As she walked her famous walk in her very high black stiletto heels, cars and trucks just pulled over to the curb and drivers emerged from them shouting “Marilyn! Marilyn!” When we finally got the three blocks over to Fifth Avenue, we then had to walk uptown to 54th-55th Streets. As we arrived at the doorway to Elizabeth Arden’s salon, I heard the nearby sounds of an automobile crashing, and looked over to see a taxicab driver whose head was bobbing out of the passenger-side front window of his cab, the vehicle itself now embedded in the back end of a delivery truck! He had a gleeful smile on his face and was hollering, “Marilyn!” I tapped her on the shoulder and exclaimed “See what you did!” She gave me a very “Marilynesque” laugh and swept rather grandly into the salon.”
Ralph Roberts: Marilyn’s personal masseur, Ralph Roberts, has been described as a gentle giant and a Southern gentleman. They first met in 1955 at Lee Strasberg’s home. Like Marilyn, Roberts was a student of The Method who had become a friend of the family, and masseur to Susan Strasberg. He took up massage to make ends meet between acting jobs, and quickly built up an appreciative clientele including Milton Berle, Ellen Burstyn, Judy Holliday, and Walter Matthau. Roberts also provided the inspiration (and behind the scenes training) for the masseur character in the Broadway hit Will Success Spoil Rock Hunter?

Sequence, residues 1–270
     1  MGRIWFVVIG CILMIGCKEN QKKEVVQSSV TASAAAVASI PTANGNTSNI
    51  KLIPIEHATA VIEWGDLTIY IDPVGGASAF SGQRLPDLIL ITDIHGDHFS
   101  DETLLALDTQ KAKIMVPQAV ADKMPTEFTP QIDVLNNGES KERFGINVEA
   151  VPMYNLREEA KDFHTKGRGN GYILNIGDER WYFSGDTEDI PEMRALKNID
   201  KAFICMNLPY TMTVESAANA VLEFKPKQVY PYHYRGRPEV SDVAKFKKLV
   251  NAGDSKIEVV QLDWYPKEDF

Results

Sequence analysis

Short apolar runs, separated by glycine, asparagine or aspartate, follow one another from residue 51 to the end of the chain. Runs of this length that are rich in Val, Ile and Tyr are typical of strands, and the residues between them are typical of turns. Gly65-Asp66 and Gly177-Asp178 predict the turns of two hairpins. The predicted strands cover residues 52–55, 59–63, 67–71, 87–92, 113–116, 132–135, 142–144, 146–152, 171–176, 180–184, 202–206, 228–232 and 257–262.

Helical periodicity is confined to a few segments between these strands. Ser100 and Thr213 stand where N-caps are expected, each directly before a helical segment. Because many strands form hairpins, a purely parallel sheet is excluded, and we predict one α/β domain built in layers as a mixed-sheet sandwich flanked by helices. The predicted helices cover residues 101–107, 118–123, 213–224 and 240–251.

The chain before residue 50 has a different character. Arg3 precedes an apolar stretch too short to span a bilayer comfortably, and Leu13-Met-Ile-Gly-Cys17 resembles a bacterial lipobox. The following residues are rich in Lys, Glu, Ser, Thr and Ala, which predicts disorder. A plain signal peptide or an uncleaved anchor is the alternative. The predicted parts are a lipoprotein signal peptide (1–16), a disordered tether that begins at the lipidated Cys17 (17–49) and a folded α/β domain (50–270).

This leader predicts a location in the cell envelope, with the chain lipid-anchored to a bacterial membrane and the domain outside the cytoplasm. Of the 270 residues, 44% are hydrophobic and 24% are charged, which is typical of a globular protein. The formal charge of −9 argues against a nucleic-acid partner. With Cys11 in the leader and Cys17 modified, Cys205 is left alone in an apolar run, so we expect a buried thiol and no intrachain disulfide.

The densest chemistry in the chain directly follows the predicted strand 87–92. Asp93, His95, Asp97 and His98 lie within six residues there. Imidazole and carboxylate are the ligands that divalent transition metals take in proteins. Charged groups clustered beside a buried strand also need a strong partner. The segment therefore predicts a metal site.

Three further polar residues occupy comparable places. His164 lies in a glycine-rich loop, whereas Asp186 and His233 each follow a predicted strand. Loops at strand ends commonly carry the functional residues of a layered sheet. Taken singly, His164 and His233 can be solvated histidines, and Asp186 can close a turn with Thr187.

Biographer Donald Spoto says that after Marilyn hired him to help her through filming of Let’s Make Love (1960), “he quickly became her closest friend and most intimate confidant for the rest of her life.”
Roberts played a minor part as an ambulance driver in The Misfits (1961), as well as massaging the tired and aching limbs of actors in the production. He was in the thick of the battles between Marilyn and Arthur Miller in the final months of their married life and he helped Marilyn through the loneliness she felt after the split. Roberts drove her home after her horrific experience in the psychiatric ward of the Payne Whitney Hospital; later in 1961 he took Marilyn and her half sister Berniece Miracle to what had been Miller’s and Marilyn’s country home in Roxbury to pick up some of Marilyn’s things.
When Marilyn moved back to Los Angeles in August 1961, Roberts flew West with her. Marilyn rented a room for him at the Chateau Marmont hotel, ten minutes from her Doheny Drive apartment. Marilyn felt so close to him she nicknamed him “the Brother.” However, some time in late November, Marilyn told Roberts that her psychoanalyst Dr. Ralph Greenson thought it would be better if Ralph went back to New York. He obeyed her wishes, but they stayed in touch, and Ralph was back in Los Angeles in March 1962 to help Marilyn with the many errands she had after moving into her new home in Brentwood. He stayed on, continuing to spend time with her and relieve her tensions with his massage skills.
On the day Marilyn died, Roberts called her home before 6 P.M. to double check what food to buy for the barbecue they had planned for the following evening. Dr. Greenson picked up the phone and told Roberts that Marilyn was not home. It has been said that later that evening a very groggy Marilyn left an incomprehensible message on Roberts’ answering machine.